AWS Lambda, a level up (part 2): Automation

7 minute read

On this occasion, I’d like to share a couple of ways to enhance the deployment of your Lambda functions, aiming for its complete automation:

  • Handling tasks not achiveable with ClofudFormation.
  • Use of CF resources in your code via environment variables.

Is Cloud Formation enough?

I guess this is the first question to ask when deploying Lambda functions via Serverless.

Through the Serverless configuration system, which in its most basic form consists of a single serverless.yml file, we are able to deploy our whole stack. Essentially, the configuration of our serverless project will work as a wrap of a CloudFormation template that will be used to deploy our functions and all the resources we need:

The Serverless Framework translates all syntax in serverless.yml to a single AWS CloudFormation template. By depending on CloudFormation for deployments, users of the Serverless Framework get the safety and reliability of CloudFormation.

Referencehttps://serverless.com/framework/docs/providers/aws/guide/deploying/

That’s great but we still have to face a couple of issues when trying to deploy our projects:

  • Sometimes, as part of our deployment process, we need to carry out some tasks that are independent of AWS e.g: we need to create a webhook in a third party service that will request our function through an API Gateway.
  • Or, at times, there are AWS related tasks that can’t be executed via CloudFormation templates (or at least entirely). We’ll procede with an example.

Serverless plugin scripts

To solve the problem of having to deal with these tedious tasks, we’ll use the plugin Serverless plugin scripts.

This plugin will allow you to hook one of the lifecycle events belonging to the different framework commands to run custom scripts. This tool will exponentially elevate the capabilities of your automated actions.

In our case, we’ll locally invoke a Lambda function to create a Cognito user with a permanent password (the user that would request the AppSync API of our first article) when deploying our project via sls deploy.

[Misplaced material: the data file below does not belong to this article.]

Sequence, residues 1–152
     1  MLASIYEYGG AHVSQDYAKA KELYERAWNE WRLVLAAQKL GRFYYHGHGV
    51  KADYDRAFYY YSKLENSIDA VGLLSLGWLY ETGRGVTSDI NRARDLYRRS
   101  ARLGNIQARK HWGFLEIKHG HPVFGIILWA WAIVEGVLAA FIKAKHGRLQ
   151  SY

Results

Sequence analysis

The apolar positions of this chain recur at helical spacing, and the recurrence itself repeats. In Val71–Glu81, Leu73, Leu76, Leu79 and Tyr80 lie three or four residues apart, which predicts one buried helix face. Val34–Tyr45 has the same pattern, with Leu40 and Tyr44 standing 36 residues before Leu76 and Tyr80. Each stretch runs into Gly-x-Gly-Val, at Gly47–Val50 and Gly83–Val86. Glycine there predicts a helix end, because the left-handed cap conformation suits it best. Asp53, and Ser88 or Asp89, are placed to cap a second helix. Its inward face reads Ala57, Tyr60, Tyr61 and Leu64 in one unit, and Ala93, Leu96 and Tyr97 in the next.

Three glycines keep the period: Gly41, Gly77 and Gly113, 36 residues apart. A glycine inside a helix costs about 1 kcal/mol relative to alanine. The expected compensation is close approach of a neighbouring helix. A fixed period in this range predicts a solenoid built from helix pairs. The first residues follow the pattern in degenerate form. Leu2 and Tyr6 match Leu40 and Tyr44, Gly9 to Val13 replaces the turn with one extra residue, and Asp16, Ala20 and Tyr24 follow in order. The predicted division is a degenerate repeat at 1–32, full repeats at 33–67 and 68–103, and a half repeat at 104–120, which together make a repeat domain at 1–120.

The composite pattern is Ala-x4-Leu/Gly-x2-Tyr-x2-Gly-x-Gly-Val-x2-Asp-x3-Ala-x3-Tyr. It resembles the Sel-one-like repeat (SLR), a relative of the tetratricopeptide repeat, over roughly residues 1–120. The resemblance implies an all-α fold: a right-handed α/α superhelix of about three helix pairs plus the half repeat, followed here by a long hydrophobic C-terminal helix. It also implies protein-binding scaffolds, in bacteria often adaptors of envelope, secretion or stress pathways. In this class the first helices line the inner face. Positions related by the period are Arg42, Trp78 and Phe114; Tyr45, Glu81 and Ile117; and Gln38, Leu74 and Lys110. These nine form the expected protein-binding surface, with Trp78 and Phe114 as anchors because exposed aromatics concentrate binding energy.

We just need to include what event we want to hook and the script to run in our serverless.yml

This approach will have an additional advantage, we can make use of the same environment variables defined in our project configuration to create the user and subsequently use it in other functions:

Handler create-our-user.ts

Class OurUserFactory.example.ts

Next time we deploy we’ll be able to see our user is created, saving us any manual step!

Serverless resources in your Lambda functions

Now, that we can control complex steps in our deployments, let’s get back to CloudFormation and the relationship between our created resources and its utilisation in Lambda functions.

A typical scenario when making use of the Serverless framework could be presented as:

  1. Create a resource with CloudFormation via serverless.yml
  2. Use the resource, generally through the AWS SDK, in your functions code. A standard approach would be accessing the desired resource properties, like the ARN, through environment variables.

Problems

  • Serverless doesn’t have (yet) a system to reference our created resources and be assigned to environment variables.
  • Though in some places is advised you could use Ref, it looks like there is currently a bug when referencing CF resources and functions in a development environment in Serverless. Besides, sometimes, we’d need to access to properties other than the resource ARN, eg. the URL of the Graphql endpoint.